Tuesday, March 9, 2010


Vaccines are Making Our Dogs Sick

The above link talks about the hazards of over vaccinating.  It says that, yes, dogs do need vaccinations but they don't necessarily need them every single year, and that such a schedule only benefits drug companies and veterinarians, but may harm our dogs (and cats).

I wasn't completely convinced by the article, but I thought I should ask my vet anyway.  Here's what Dr. Lori Pasternak from Richmond, VA has to say about the issue:

I do have my own opinion about vaccines, although it's not black/white. I see many dogs still die of parvo and less often distemper. I've seen a few cases of leptospirosis in the past 3 years and kennel cough is very common (I think of it as the equivalent of doggie flu). So yes, vaccines are very important. The big question for me lies in, how often? And that is where the veterinarian needs to talk with the owner to determine an individual pet's risk for these diseases. Not every animal needs every vaccine out there. A pet's lifestyle, where they live and go should determine what diseases they are at risk for. I do think all puppies should be vaccinated and boostered until they are 16 weeks, after that, it should be determined by a conversation between client and vet as to what the pet needs. Just like with my kids, I educated myself about the diseases my kids were to be vaccinated for and made an educated decision about what vaccines were right for them. Pet owners should do the same. I must admit, I do not vaccinate my pets annually but they are very low risk as they are old and never leave my property anymore.  Drawing blood for titers is an option, but it is costly. The vaccines are labeled my the manufacturer to only be effective for 1 year, but I'm sure in some/ most animals they may last longer. The only way to know from animal to animal is to run titers.  Once I did run a titer on a dog after 1 year post vaccine and that dog had a strong titer for distemper,  but no titer for parvo. Interesting, but really confuses the issue. I hope this makes sense. Not very cut and dry, but nothing about vaccines is.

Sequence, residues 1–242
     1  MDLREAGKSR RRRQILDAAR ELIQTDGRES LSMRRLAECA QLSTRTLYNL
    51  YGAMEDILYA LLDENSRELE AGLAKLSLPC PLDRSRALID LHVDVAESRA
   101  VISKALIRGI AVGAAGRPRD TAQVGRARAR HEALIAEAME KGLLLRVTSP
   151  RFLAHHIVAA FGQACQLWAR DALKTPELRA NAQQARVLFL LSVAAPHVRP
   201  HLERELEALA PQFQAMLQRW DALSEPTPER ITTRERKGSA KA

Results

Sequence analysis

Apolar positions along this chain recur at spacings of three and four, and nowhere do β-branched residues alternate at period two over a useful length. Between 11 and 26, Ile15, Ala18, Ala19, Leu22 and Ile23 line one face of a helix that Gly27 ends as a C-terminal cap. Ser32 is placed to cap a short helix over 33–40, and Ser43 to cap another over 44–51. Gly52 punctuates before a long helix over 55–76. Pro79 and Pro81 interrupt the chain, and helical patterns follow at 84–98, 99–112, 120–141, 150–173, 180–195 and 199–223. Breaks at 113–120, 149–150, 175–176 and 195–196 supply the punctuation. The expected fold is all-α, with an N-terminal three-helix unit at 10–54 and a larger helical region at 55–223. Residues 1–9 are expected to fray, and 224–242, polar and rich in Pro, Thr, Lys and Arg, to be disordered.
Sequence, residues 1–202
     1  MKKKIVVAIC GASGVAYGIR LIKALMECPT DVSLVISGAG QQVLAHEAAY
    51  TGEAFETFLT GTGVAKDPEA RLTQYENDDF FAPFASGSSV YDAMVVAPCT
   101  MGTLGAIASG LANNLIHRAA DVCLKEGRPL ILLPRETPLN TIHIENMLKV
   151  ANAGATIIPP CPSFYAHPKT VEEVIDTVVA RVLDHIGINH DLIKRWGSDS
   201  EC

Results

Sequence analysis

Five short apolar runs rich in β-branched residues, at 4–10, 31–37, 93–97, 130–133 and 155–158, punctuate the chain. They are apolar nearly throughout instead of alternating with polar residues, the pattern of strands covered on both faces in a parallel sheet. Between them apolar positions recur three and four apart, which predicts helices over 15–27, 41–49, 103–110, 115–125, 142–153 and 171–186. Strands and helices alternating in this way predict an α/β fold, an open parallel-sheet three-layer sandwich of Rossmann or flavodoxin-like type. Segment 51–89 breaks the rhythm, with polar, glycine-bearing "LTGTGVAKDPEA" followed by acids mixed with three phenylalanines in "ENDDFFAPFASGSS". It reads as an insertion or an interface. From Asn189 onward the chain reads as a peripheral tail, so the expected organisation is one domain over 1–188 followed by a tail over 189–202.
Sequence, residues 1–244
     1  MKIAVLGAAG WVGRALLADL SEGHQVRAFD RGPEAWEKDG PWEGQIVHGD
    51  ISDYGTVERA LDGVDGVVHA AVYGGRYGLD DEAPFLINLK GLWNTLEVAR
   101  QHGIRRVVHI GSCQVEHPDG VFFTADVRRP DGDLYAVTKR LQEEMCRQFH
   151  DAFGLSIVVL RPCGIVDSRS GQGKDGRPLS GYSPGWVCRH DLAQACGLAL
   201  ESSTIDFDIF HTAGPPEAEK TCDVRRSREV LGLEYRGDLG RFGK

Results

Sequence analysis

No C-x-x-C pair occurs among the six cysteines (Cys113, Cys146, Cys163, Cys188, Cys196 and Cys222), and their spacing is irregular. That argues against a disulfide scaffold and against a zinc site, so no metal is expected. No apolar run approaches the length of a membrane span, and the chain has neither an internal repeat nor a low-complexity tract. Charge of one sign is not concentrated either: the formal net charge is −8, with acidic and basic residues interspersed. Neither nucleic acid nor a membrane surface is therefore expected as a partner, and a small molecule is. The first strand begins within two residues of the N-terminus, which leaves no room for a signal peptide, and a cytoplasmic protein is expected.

So there you have it.  The vaccination issue isn't completely cut and dry.  It may not be in your best interest to vaccinate every year, but seven years may be too long.  One thing you should keep in mind, though, is that the yearly vaccinations also allow your vet to do a general health check, checking on eyes, ears, and general overall well-being.  If you do decide to vaccinate less, I still encourage you to keep regular vet appointments.  It is important to keep the conversation open with your veterinarian.  Talk to your vet and together the two of you can come to an agreement on what may be best for both you and your beloved friend. 

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